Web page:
3. Use Meta Viewport Tags
By default, mobile browsers render the page at desktop screen width, which is usually around 980px. The browser will then try to optimize your page by increasing the font size and scaling your content to fit the current screen dimensions.
Unfortunately, this default behavior can result in inconsistencies. Some users may need to zoom in to read and interact with your content, which is why you may be seeing this error.
Instead of relying on this default behavior, you should give the browser instructions on how to control the page’s dimensions and scale. You can do this by inserting a meta viewport tag into the head of your document.
4. Use Modern CSS Layout Techniques
You can also fix the “Content wider than screen” error by switching up your site’s layout. To help you create more flexible layouts, you may want to consider implementing techniques like Flexbox, CSS Grid Layout, or Multiple-Column Layout (Multicol).
5. Use CSS Media Queries Where Appropriate
Media queries can make it easier to change styles based on the user device, including touchscreens. Therefore, if you’re still dealing with the “Content wider than screen” error at this point, we recommend using CSS media queries where appropriate.
After making these changes, it’ll be time to test to see whether you’ve successfully resolved the “Content wider than screen” error. You can do this by re-running the Mobile Usability report and validating the fix using the steps we discuss in the next section.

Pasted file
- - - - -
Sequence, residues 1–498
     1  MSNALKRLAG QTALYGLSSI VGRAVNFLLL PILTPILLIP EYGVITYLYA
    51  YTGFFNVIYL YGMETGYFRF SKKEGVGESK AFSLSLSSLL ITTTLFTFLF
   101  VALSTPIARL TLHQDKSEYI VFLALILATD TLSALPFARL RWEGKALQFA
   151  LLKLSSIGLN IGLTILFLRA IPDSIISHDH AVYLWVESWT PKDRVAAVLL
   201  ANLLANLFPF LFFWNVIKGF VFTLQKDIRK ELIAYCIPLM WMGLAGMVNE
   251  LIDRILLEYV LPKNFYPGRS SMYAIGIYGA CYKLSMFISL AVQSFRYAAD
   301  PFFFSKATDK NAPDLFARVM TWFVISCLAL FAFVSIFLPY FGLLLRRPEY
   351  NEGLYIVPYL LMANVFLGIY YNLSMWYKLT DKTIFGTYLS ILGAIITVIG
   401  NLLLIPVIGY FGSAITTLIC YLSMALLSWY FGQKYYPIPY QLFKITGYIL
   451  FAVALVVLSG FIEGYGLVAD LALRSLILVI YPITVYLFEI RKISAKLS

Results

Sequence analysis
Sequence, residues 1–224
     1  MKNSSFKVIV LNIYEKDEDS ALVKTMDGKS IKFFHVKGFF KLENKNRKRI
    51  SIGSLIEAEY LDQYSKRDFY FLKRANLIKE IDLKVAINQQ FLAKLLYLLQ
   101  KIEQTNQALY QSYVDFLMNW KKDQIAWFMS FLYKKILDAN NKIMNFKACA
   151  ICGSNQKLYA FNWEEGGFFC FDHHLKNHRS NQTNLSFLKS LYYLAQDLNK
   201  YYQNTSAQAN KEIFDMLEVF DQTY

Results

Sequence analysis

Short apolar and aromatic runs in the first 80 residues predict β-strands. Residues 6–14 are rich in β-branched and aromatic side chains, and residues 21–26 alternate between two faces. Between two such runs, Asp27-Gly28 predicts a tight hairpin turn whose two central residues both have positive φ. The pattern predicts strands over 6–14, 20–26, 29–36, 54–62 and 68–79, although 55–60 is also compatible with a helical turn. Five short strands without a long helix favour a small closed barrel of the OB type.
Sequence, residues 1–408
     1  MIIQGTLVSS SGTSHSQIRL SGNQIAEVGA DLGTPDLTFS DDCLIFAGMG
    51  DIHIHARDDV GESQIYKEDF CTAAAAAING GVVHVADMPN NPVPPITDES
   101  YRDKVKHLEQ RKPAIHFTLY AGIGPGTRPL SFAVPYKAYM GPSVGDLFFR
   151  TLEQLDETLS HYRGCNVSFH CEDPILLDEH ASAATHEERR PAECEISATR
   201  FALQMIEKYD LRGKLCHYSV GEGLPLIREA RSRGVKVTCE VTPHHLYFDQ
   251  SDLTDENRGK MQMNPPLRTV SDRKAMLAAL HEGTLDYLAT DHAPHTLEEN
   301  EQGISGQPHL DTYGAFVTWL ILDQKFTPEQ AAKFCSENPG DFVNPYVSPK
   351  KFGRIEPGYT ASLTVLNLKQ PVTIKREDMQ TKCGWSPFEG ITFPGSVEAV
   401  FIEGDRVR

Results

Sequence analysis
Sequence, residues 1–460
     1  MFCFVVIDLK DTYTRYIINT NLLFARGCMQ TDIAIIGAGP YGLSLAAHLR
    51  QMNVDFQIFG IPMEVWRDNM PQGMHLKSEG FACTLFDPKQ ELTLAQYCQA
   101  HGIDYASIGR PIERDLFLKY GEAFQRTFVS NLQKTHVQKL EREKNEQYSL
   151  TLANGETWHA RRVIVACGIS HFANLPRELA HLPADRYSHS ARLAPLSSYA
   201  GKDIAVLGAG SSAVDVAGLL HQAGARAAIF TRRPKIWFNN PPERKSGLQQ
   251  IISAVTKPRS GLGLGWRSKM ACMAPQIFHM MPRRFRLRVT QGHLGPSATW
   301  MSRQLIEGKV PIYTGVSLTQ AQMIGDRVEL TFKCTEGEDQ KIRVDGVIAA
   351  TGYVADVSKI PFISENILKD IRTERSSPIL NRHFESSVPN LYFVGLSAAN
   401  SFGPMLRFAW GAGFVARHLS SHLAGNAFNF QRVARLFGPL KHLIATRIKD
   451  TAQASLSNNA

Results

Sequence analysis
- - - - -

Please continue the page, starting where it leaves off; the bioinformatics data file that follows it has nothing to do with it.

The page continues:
How to Verify and Validate Your Error Resolution
Regardless of which of the above errors you’re dealing with or the methods you use to fix it, it’s essential to determine whether your changes have resolved the problem. You can do this by re-running Google’s Mobile Usability tests.
To do so, navigate back to your Mobile Usability report and locate the “Clickable elements too close together” error. Next, select the Validate fix option.
Note that you can repeat these same steps if you’re trying to verify and validate your error resolution for “Content wider than screen.” Google will then crawl your website, and you will receive a message letting you know that it’s in the process of validating the change.
If you’ve resolved the error, then Google Search Console will display a “Passed” message and an accompanying green checkmark. On the other hand, if the fixes you employed are not validated, you’ll have to revisit the error to implement an alternative solution.
Unresolved mobile usability errors can result in a poor user experience and may cause a noticeable drop in your website’s traffic. By taking steps to resolve usability errors, you can ensure that your website is mobile-friendly and accessible to a larger set of people.
In this post, you learned how to fix the “Clickable elements too close together” error using three methods:
- Modify your website using a frontend CSS style editor plugin (like YellowPencil).
- Use Chrome DevTools to ensure that all tappable targets are 48 dpi or larger.
- Check the input method and adjust your CSS accordingly.
Do you have any questions about fixing the “Clickable elements too close together” error? Let us know in the comments below!